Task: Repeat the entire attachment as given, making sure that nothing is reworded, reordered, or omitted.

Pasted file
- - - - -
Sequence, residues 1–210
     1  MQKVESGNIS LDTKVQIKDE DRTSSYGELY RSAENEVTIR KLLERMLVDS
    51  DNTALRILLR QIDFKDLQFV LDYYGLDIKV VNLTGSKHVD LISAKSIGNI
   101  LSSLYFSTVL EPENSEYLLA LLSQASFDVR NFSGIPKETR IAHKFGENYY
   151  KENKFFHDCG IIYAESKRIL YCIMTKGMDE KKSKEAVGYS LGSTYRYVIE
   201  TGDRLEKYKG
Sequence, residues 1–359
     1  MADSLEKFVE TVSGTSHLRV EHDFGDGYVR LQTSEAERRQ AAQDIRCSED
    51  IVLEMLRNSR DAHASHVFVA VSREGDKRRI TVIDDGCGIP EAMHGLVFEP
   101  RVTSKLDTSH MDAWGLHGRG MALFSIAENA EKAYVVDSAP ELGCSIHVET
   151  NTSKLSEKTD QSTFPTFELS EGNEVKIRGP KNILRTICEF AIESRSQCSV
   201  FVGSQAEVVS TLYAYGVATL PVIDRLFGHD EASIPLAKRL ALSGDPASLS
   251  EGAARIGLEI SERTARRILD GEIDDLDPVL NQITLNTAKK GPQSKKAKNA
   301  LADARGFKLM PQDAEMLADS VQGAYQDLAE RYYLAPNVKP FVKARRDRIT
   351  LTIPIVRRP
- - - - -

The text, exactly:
Sequence, residues 1–210
     1  MQKVESGNIS LDTKVQIKDE DRTSSYGELY RSAENEVTIR KLLERMLVDS
    51  DNTALRILLR QIDFKDLQFV LDYYGLDIKV VNLTGSKHVD LISAKSIGNI
   101  LSSLYFSTVL EPENSEYLLA LLSQASFDVR NFSGIPKETR IAHKFGENYY
   151  KENKFFHDCG IIYAESKRIL YCIMTKGMDE KKSKEAVGYS LGSTYRYVIE
   201  TGDRLEKYKG
Sequence, residues 1–359
     1  MADSLEKFVE TVSGTSHLRV EHDFGDGYVR LQTSEAERRQ AAQDIRCSED
    51  IVLEMLRNSR DAHASHVFVA VSREGDKRRI TVIDDGCGIP EAMHGLVFEP
   101  RVTSKLDTSH MDAWGLHGRG MALFSIAENA EKAYVVDSAP ELGCSIHVET
   151  NTSKLSEKTD QSTFPTFELS EGNEVKIRGP KNILRTICEF AIESRSQCSV
   201  FVGSQAEVVS TLYAYGVATL PVIDRLFGHD EASIPLAKRL ALSGDPASLS
   251  EGAARIGLEI SERTARRILD GEIDDLDPVL NQITLNTAKK GPQSKKAKNA
   301  LADARGFKLM PQDAEMLADS VQGAYQDLAE RYYLAPNVKP FVKARRDRIT
   351  LTIPIVRRP